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Evaluate SVG rendering compatibility in browsers
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For client-side rendering of SVGs T5593 we will be tossing user-supplied data from a known environment (librsvg controlled on server) to an unknown environment (multiple browser engines in the wild). Some files may not render correctly in browsers that do in librsvg.

How much trouble will this be, and can we provide tools to help users identify problematic images?

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In my experience, literally every SVG rendering engine in existence is less problematic than rsvg.

The problem I can foresee is that this would further discourage our vector artists from NOT converting text to path because you can't require our readers to have the same typefaces installed on their OS as those specified in the SVG file. Even if they do have the required typefaces, different SVG renderers have different interpretations of kerning (glyph horizontal spacing). I want consistency of text appearance while still maintaining text to be selectable and searchable, and funny though this is what PDF format is capable of while keeping the general file size smaller than the same SVG image which has all its text converted to path, because most vector editors like Inkscape and Adobe Illustrator do not share path object of same glyph of same font during conversion. I use the free RSVG-Convert tool ( to create PDF version of my SVG. The resultant PDF while is not completely but reasonably consistent to my SVG source.

Unfortunately Wikimedia uses a worse rasterizer of PDF which results in low quality JPG version of each PDF page, but I guess this is not a great deal if the PDF is meant to be open separately and no SVG animation/interactive function is required.

@Sameboat consistency of text positioning is indeed a *very hard problem*.

It gets both harder, and easier, when you remember that we're mostly building materials for a multilingual system of reference works, and need to make text labels localizable.

This has several implications:

  • text strings will often be different from the text the artist worked with
  • text strings may require fonts the artist never heard of
  • text strings may be much longer or much shorter than the texts from the language the initial artists worked with

Proper positioning of bounding boxes and alignment on text elements is key to producing artwork with enough flexibility.

Do you have some examples of SVG files in use that require exact positioning of text that can't be localized or have fonts change a little from under it? (We can always load fonts along with the rendering, as we can with the web page, though as you note there may still be slight variations in rendering.) I'd like to get a better idea what "other" uses of text output are going on that don't fit the model of labels on a diagram, in which case we should make sure we deal with those well too.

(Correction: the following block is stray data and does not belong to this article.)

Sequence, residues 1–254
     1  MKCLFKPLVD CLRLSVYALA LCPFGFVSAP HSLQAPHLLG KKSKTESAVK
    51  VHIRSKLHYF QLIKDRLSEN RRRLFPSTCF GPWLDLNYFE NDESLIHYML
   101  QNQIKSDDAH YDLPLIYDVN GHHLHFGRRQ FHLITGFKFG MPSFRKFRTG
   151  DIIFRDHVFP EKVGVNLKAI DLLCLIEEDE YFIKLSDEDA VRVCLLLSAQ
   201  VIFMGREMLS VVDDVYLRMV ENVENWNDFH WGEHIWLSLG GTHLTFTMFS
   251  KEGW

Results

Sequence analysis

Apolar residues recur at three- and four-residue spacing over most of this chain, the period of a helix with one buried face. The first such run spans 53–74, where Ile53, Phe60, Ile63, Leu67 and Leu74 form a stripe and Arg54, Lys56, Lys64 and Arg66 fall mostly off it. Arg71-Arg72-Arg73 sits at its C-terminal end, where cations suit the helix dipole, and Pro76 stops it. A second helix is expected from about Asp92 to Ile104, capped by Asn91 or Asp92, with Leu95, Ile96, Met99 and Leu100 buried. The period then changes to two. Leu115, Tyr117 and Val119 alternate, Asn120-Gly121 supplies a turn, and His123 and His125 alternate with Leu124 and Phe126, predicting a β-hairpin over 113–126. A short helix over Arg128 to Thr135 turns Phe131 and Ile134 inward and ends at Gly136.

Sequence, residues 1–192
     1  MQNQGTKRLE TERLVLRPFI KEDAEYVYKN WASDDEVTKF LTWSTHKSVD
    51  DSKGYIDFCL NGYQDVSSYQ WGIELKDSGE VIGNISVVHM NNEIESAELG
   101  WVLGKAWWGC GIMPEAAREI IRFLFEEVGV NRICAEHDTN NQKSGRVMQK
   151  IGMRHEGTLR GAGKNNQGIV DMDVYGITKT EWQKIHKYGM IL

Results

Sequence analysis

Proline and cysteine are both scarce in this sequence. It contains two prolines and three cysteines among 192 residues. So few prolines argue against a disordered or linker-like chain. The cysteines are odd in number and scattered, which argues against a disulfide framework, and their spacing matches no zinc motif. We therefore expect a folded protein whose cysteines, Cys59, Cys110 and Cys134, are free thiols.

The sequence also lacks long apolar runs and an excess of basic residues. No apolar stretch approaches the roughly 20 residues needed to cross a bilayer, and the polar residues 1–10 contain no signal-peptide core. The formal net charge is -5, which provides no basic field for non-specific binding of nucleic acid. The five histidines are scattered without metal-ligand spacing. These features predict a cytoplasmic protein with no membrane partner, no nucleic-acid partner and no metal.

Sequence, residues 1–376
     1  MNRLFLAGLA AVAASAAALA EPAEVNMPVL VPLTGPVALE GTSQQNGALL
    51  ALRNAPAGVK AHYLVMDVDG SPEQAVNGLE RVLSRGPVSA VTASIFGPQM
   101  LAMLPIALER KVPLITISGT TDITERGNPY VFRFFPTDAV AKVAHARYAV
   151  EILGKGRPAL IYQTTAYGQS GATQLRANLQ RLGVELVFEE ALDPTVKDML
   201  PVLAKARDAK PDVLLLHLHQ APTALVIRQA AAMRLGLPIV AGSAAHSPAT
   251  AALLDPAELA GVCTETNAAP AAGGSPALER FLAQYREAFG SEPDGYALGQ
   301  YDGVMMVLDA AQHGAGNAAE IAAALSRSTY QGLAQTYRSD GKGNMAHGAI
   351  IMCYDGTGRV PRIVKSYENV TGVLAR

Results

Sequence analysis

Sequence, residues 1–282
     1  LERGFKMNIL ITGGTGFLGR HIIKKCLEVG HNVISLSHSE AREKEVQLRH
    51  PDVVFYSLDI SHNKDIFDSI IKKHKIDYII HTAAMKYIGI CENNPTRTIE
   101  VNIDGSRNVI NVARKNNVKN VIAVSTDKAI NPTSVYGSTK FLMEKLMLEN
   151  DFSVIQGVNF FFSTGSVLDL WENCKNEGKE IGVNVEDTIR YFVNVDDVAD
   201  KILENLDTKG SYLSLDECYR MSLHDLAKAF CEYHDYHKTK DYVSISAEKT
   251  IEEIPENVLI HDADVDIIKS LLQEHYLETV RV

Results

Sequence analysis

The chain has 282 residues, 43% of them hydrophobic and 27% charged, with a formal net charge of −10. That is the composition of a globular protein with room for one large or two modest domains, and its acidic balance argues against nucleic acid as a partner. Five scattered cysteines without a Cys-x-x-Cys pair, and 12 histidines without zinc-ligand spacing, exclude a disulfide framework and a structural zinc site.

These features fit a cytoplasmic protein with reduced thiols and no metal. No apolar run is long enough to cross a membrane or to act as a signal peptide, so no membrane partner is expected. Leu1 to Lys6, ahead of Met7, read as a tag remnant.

@brion High quality SVG images by User:Kelvinsong made from scratch. He usually duplicates all texts to the higher layer and set it to opacity=0 then path-izes the visible text. I respect him, but I can sincerely say there is absolutely no reason to do that except that Wikimedia and many readers do not have his type of preference, Neue Frutiger, installed which isn't legally free to my knowledge.

@Sameboat thanks!

Leaving aside the font issue, just looking at metrics and flexibility in the case of changing text...

Many such as and look like good candidates for regular text rendering and easy localizability; if the text elements were plain text, and changed to be sized/aligned properly with available space for longer texts, it should work fairly simply to swap out just the text elements while keeping the entire structure intact. or are harder as they pack a lot more text in, including long sentences that wrap over multiple lines... there's very little room for additional text if font metrics end up a little different or if a translation is longer. These would need to either localized by re-arranging items on the text layer manually (which is possible using the switch mechanism) or through some sort of automatic style marker to force text to fit at rendering time (I have to look up if that's actually possible!) Alternately they could be rearranged with more buffer space to begin with.

Some like and also include some visual effects that depend on the size of some of the text, which may complicate things.

@brion Packed text passage could be solved in SVG 2.0 with the new text properties "inline-size" and "shape-inside", if SVG 2 is implemented into librsvg but I am very pessimistic with that. Anyway it's true that localization usually requires the active vector artist (usually the original author) to rework the image for minimal collision of elements after the image is translated by another contributor with little knowledge of SVG.

Is any browser capable of showing png but not capable of showing svg out there left?

Not that we intend to support, at least. The WMF HTTPS requirements also prevent most of those browsers from connecting at all.

Is any browser capable of showing png but not capable of showing svg out there left?

If there is such a browser, I would not bother supporting it.

Shows SVG 1.1 support for all listed browsers.

The WMF SVG converter is SVG 1.1 (with bugs).

The font issue is more problematic. Commons does not allow SVG files to use CSS web fonts, so that avenue is foreclosed. (Perhaps we could allow web fonts that point to Commons.)

The simple route out of the font issue is to use CSS fallback fonts (e.g., sans-serif). I suspect that all HTML 5 browsers have CSS fallback font support, and that would carry over to their SVG implementations.

Consequently, I would close this topic as resolved.